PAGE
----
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Report: No Increase in Cancer Deaths From Three Mile IslandAccident

Radioactivity released during the Three Mile Island accident in 1979 does not appear to have caused an increase in cancer mortality among those living in the area.

Radioactivity released during the Three Mile Island (TMI) accident in 1979 does not appear to have caused an increase in cancer mortality among people living within a five-mile radius of the nuclear accident, according to researchers at the University of Pittsburgh''s Graduate School of Public Health.

While several follow-up studies on the TMI population have been conducted in the past, this one is the most extensive due to its longer, 13-year time-frame and the use of information about residents'' lifestyles and everyday radiation exposure beyond what was caused by the TMI incident.

"This study helps put to rest the lingering question of whether the residents of Three Mile Island are experiencing an increase in cancer deaths as a result of the nuclear accident," said Dr. Evelyn Talbott, associate professor and principal investigator on the study.

The TMI incident occurred at a nuclear power plant near Harrisburg, Pa., on March 29, 1979, when a reactor leaked small amounts of radioactive gases.

It is often referred to as the worst nuclear accident in American history.

Scientists have calculated that the average person present in the area during the 10 days after the incident was exposed to considerably less radiation than the annual dose an individual receives from the everyday environment in the United States.

The University of Pittsburgh study covered the years 1979 to 1992.

Researchers collected information on education, occupational, smoking status, residential history, medical history, previous radiation exposure and daily travel in and out of the area during the 10 days following the accident from 32,135 individuals.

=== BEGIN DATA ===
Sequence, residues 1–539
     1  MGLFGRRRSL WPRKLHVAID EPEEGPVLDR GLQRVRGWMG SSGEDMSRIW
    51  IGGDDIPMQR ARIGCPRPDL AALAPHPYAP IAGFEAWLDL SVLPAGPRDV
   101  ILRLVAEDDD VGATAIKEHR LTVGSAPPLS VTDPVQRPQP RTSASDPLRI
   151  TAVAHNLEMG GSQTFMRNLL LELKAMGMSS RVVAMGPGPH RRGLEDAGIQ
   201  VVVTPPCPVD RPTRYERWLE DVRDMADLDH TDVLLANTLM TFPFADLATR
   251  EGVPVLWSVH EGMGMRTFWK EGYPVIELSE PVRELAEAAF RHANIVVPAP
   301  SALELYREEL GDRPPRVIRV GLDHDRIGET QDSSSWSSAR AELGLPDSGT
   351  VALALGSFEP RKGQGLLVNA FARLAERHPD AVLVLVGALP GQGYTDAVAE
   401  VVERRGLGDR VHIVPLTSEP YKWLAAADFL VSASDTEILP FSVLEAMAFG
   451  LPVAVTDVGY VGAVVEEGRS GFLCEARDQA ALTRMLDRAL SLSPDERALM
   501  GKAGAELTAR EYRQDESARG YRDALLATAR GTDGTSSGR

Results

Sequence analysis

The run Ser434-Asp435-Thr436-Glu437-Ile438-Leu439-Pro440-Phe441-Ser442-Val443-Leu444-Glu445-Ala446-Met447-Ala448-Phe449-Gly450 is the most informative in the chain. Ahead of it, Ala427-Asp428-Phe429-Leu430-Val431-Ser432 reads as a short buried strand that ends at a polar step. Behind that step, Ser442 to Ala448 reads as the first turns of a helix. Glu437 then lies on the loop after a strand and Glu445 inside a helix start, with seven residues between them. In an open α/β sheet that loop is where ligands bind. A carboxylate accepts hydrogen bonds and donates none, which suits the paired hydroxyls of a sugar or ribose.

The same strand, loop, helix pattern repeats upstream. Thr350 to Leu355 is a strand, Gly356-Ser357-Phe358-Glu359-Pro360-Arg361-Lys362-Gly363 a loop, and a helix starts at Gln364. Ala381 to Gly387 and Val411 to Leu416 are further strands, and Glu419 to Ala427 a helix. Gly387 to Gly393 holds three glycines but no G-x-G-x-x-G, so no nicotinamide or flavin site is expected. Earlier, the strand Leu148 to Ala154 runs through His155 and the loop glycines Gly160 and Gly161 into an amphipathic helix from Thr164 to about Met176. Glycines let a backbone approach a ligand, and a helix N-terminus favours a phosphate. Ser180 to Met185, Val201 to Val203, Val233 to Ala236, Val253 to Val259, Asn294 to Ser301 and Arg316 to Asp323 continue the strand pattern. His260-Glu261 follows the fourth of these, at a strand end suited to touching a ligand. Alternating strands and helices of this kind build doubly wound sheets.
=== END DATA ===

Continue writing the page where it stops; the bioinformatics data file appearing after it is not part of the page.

The researchers found no consistent evidence suggesting that the low-dose radiation released during the TMI accident had a measurable impact on the mortality of those living in the are for 13 years after the event.

For example, elevations in mortality from cancers of the bronchus, trachea and lung were observed in women, as well as an increase in lymphatic cancers in men, even after controlling for background radiation exposure, education and smoking. However, neither showed a significant does-response trend.

Likewise, investigators noted an increasing pattern of relative risk for breast cancer in relation to increasing levels of likely exposure to gamma radiation, suggesting a possible link between dose of radiation and increased risk.

However, they concluded that overall there was no significant relationship between likely exposure to gamma radiation and breast cancer mortality.

"A relationship between gamma radiation and breast cancer has been noted in other investigations, but emissions from the TMI incident were significantly lower than in other documented studies," said Talbott. "Therefore, it is unlikely that this observed dose trend is related to radiation exposure on the day of the accident."

Although the researchers found no significant evidence showing an increase in cancer death from the TMI accident, they acknowledged that further study is warranted.

"Because the latency period for many cancers is 20 years or more, continued follow-up on the TMI residents will provide a more comprehensive look at their mortality, as well as morbidity, from various cancers," said Talbott.

The University of Pittsburgh research team is currently analyzing data collected through 1999 on the same population.

by Virginia Sutcliffe

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